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Red Hats de Visser said the two companies have created a "mix-and-match" structure that essentially allows the customer to decide which firm will offer support and services. "But, given the size and scale of IBM, the majority of account interaction will be in their hands," he said.
IBM will also make its key software products available on Red Hat Linux Advanced Server, starting with Intel processor-based servers like the eServer xSeries this year and expanding to additional eServer hardware in 2003.
These software products include WebSphere, the Java 2 Enterprise Edition-based infrastructure software for building and deploying Web Services; DB2; Tivoli; and Lotus. IBM already offers a comprehensive portfolio of middleware products for Linux, with more than 60 products currently available.
"Our middleware offerings will also support Advanced Server. Currently, DB2 and WebSphere support Advanced Server on the xSeries. With this announcement, IBM will expand software support for Advanced Server across our entire eServer line, for our key middleware, WebSphere, DB2, Tivoli and Lotus," Nielsen said.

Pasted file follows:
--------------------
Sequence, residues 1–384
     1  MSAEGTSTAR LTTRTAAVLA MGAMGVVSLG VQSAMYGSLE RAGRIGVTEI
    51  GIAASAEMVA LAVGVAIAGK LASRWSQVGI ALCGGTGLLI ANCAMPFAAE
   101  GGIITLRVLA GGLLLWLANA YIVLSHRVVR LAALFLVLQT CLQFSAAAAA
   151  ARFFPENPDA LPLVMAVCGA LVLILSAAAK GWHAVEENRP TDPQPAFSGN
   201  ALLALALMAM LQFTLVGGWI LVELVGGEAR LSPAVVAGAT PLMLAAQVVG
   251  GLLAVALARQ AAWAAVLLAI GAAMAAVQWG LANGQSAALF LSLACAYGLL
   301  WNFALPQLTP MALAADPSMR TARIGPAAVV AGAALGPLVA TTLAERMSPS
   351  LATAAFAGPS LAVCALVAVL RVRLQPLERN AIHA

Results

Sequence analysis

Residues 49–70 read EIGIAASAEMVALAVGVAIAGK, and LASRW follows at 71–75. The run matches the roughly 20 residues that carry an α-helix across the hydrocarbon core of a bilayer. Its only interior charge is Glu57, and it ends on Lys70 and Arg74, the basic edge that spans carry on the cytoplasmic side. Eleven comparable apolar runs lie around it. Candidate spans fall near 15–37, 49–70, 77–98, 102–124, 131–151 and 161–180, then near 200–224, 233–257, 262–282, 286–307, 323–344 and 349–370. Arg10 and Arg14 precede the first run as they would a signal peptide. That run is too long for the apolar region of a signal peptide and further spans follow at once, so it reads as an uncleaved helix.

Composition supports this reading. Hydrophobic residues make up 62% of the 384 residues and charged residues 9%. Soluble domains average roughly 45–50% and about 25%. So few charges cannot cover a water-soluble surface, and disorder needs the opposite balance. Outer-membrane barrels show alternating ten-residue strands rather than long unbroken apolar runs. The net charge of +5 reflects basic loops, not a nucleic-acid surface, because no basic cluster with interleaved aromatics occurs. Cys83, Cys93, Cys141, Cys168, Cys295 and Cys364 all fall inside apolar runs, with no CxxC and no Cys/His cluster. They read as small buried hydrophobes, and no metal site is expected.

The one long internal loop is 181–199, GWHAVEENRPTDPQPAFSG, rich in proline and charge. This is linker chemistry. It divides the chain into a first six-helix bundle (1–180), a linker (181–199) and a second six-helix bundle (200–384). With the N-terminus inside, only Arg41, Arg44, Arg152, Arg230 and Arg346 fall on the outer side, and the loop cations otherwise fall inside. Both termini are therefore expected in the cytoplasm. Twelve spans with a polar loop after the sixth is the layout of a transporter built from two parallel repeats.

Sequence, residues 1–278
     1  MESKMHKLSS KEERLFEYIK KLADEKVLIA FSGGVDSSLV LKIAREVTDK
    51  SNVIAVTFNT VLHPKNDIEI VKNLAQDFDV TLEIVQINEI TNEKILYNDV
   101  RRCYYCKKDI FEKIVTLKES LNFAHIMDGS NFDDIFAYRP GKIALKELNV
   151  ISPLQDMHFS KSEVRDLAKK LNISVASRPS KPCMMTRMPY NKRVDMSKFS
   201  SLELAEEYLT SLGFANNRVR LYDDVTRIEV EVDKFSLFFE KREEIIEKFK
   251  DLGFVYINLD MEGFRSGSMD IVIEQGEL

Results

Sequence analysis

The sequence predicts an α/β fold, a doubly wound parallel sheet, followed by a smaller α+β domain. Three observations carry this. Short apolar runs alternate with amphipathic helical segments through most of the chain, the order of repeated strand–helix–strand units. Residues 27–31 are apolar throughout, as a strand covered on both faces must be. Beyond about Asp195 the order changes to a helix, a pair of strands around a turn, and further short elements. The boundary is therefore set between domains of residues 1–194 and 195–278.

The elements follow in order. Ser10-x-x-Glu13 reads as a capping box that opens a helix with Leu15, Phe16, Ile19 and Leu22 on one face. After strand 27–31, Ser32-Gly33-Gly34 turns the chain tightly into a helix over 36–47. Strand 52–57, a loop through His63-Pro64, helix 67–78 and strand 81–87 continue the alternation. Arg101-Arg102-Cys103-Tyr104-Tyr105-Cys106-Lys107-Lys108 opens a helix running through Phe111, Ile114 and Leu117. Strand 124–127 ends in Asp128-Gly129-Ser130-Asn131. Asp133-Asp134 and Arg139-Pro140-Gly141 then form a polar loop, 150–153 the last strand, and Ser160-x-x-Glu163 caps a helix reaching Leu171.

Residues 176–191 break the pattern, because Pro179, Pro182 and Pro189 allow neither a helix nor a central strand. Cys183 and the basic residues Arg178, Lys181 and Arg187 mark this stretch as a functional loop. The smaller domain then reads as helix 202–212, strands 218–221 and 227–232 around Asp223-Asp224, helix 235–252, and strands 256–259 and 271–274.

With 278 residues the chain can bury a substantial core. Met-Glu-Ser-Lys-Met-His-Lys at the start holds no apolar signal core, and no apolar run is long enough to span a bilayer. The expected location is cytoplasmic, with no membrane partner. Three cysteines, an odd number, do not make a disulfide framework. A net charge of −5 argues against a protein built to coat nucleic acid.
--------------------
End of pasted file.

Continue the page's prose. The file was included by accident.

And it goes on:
The latest expansion with IBM follows several other Red Hat deals announced recently. At the LinuxWorld show in San Francisco last month the Raleigh, N.C., company announced it will support Advanced Micro Devices Inc.s upcoming 64-bit Opteron chip with a special release of its Advanced Server software next year.
Also at the show, Dell Computer Corp. announced new professional services designed to accelerate the deployment of Linux in the enterprise, part of which will be jointly delivered with Red Hat.
The agreement extends the One Source Alliance between the two companies to help customers migrate from proprietary Unix systems to Linux.